During the weeklong holiday of Passover, when crisp flatbread represents freedom and horseradish roots the bitterness of slavery, Chabad’s activities can be viewed as so many bridges across Israel’s many divides: secular and religious, terror victim and bystander, immigrant and sabra native, rich and poor.
For 50 years, Tel Adashim, southwest of the Kineret, has cultivated its stance as a thoroughly secular town. That did not deter Rabbi Shlomo Schwartz of Chabad of Hadera and four Chabad yeshiva students from packing mixing bowls, flour and a portable oven into their mobile matzah bakery. For the first time ever, Tel Adashim elementary school children participated in the full Passover experience – avidly donning slave uniforms made from sackcloth, dragging bricks to build pyramids, and rolling flour-water dough into matzah. I
n Nahariya and Be’er Sheva and innumerable points in between Chabad ventured where few religious organizations are found. A unit of young soldiers stopped in to visit Kfar Chabad, Chabad’s headquarters in Israel, for a Passover 101 session. With machine guns resting on their laps, the soldiers received information about the holiday, toured one of the world’s largest handmade matzah bakeries, and brought home three matzahs for the own Seders.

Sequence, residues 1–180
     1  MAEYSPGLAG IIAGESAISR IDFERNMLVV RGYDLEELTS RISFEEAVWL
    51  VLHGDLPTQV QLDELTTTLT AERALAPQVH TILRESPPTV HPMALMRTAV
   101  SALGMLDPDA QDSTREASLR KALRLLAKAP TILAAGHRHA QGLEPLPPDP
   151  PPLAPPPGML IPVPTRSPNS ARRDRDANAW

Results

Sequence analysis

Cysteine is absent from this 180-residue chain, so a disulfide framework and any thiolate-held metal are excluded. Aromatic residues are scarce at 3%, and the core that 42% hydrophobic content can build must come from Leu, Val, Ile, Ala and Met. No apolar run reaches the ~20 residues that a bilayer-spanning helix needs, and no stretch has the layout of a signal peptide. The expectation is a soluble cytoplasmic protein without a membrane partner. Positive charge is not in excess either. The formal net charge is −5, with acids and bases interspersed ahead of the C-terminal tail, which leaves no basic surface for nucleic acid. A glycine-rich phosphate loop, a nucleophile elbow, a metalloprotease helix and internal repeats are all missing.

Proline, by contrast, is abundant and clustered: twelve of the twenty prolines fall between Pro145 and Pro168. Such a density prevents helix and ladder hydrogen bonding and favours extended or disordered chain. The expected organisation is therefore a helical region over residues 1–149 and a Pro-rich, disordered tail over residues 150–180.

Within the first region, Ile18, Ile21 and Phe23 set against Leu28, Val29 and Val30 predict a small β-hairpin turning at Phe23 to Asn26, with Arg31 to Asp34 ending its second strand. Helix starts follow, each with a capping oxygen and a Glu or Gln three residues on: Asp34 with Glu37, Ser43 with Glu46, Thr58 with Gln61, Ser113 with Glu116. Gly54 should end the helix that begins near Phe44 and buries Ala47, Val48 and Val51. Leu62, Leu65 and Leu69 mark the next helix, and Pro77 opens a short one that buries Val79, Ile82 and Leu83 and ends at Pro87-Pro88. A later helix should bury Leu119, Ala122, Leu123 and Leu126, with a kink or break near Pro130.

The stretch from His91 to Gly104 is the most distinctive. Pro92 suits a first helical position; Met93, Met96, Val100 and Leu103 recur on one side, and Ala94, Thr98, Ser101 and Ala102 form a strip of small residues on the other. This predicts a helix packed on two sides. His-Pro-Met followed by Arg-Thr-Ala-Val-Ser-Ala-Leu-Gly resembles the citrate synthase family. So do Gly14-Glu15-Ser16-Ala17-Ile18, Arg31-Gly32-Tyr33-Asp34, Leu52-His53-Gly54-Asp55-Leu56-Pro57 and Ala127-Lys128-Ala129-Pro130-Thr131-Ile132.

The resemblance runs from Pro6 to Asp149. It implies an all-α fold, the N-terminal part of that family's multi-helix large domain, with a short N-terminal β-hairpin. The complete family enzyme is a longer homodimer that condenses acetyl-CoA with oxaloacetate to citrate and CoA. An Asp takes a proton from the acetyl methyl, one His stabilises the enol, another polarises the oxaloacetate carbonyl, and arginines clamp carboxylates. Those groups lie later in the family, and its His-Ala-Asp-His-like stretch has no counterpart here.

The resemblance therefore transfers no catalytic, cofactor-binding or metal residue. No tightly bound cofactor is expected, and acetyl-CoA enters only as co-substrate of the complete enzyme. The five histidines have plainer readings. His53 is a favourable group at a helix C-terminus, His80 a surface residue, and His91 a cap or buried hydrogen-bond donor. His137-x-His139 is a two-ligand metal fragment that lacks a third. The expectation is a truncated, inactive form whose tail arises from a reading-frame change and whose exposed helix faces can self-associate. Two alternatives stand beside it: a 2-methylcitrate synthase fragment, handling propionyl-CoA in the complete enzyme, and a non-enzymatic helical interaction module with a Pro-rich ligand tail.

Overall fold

After their military service, the soldiers typically backpack to distant points on the globe; a wandering that has become a rite of passage for young Israelis. And in what has become an expected component of Israeli parenting, their mothers will worry about them. So many fretting Jewish mothers, eager for their peripatetic children to connect with traditional Seders, phoned Lubavitch Youth Organization in Israel, for advice that the organization set up a special worldwide Passover hotline – 960-7588-03.
Thousands of calls poured in.
One mother who knew her child was somewhere in Colombia was relieved to discover Chabad of Bogota had a special Seder just for Israelis. Though the family does not observe many Jewish practices,“she wanted her child, who was now on her own, to be in a family-oriented, traditional setting for the Seder,” said LYO’s Rabbi Dov Levitin.